Every Thank You Tells a Story. On Reading the Acknowledgements Page, Part One.
By Cameron Dokey - April 4, 2012
You want to get to the good stuff, and I understand. But before you dive into that book you’re clutching in your hot little hands, let me just encourage you to make one small stop along the way. On the acknowledgements page.
This is the place where the author of the work you can’t wait to get started on gets to say thanks. Sometimes, it’s a very personal thank you—to a partner and/or children for putting up with all the weird hours it took to get the book finished. Not to mention all those red-eye flights to Iceland. Or maybe to another writer or a writers’ group for inspiration and support. If the book you’re looking forward to is non-fiction, you may encounter this great big list of scholars and scholarly institutions. This can seem daunting, I admit. I encourage you to read it anyhow.
How come? Because every single thank you tells a story. Put them all together, and they help to tell the story of how the work you want to read came to be born. Sometimes, who an author thanks just might surprise you. So all this got me thinking: If I were going to write an acknowledgements page for my entire writing career, who would be on it? What story would it tell?
There are some obvious choices, of course. My parents for a start. My mom was a kindergarten teacher who loved to read to my younger brother and me. I still have my childhood copies of Do You Know What I’ll Do? How the Grinch Stole Christmas, Where the Wild things Are, and The Tomten. (Actually, I think that copy of The Tomten really belongs to Todd, my brother. Am I giving it back? Dream on.)
My mother may have done the reading, but my father told the world’s best bedtime stories. Some right out of his imagination (the San Leandro Forest Stories—for the record there IS no forest in San Leandro. But it was the cool-sounding town where my aunt and uncle lived and hey—it sounded like it ought to have one!) Others were drawn from classical literature. I knew the stories of the Trojan Horse and Odysseus and the Cyclops by the time I was five. I’m pretty sure those bedtime stories inspired a lifelong love of Greek mythology. I almost switched my major from English to Classics in college.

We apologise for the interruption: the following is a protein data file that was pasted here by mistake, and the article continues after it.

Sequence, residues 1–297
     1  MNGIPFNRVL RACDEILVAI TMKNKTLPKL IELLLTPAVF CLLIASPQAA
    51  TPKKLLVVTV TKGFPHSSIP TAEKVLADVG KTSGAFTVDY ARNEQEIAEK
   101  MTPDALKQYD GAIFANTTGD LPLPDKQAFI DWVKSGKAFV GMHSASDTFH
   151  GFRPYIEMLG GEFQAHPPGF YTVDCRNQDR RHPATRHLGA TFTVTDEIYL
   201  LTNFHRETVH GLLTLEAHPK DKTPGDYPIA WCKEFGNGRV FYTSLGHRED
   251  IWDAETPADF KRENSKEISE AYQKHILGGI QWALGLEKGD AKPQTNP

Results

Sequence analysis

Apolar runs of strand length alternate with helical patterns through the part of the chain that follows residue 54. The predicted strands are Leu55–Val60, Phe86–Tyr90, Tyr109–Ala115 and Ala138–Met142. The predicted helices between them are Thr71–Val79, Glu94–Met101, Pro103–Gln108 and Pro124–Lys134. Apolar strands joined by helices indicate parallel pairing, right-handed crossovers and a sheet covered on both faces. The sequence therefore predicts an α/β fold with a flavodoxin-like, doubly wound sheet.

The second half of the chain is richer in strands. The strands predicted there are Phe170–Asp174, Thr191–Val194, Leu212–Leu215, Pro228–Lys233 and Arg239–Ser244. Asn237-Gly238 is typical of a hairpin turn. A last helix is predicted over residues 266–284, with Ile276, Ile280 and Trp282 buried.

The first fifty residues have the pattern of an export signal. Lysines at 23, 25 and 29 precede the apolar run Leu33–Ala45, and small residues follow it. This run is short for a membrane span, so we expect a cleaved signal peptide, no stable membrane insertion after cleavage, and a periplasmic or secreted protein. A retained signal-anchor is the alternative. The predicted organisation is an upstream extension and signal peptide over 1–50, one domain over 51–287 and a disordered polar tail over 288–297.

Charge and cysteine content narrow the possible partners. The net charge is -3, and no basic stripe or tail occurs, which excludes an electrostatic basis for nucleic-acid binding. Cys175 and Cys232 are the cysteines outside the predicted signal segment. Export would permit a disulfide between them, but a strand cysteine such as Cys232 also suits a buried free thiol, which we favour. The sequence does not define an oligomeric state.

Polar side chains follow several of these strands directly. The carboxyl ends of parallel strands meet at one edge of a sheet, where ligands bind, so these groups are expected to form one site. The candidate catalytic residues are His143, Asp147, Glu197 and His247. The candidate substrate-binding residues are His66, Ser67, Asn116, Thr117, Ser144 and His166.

My father is also a writer. Every single weeknight throughout my childhood, while my brother and I did our homework, my father went to his study to write. This was after teaching high school English all day. I’m talking year after year, every single weeknight. I think it was this as much as anything else that inspired me to become a writer. So, Mom and Dad get thank you number one.
Thank you number two goes to Uncle Jack and Aunt Mary Ann. I addition to living in exciting San Leandro, they gave me a book of short stories called The Princesses for my eighth birthday. Not all my stories for Simon and Schuster’s wonderful Once Upon a Time series feature princesses, but I am absolutely certain that my love of all things magical began with that volume of short stories. And that love directly affected what I love to write about--and how I want to write it. Not only that, my aunt and uncle had a cat named Claude. When I was eight, that seemed pretty danged funny.
Now we get a big jump forward in time. High school, senior year. Paul Barnes, the director of the high-powered theatre department where I went to high school, takes me and a group of classmates on a field trip to the Oregon Shakespeare Festival in Ashland, Oregon. There, we meet James Edmondson, actor and director. And it is no exaggeration at all to say that meeting Jimmie, as his friends call him, changed my life.
How? See, here’s where the acknowledgements-page-as-story comes into play. If you check out my title for this blog post, you’ll notice that I called it Part One. And this is where Part One ends. With a life-changing event, and a whole lot of thank yous still to come.
Want to know how the story ends? Guess you’ll just have to come back for more.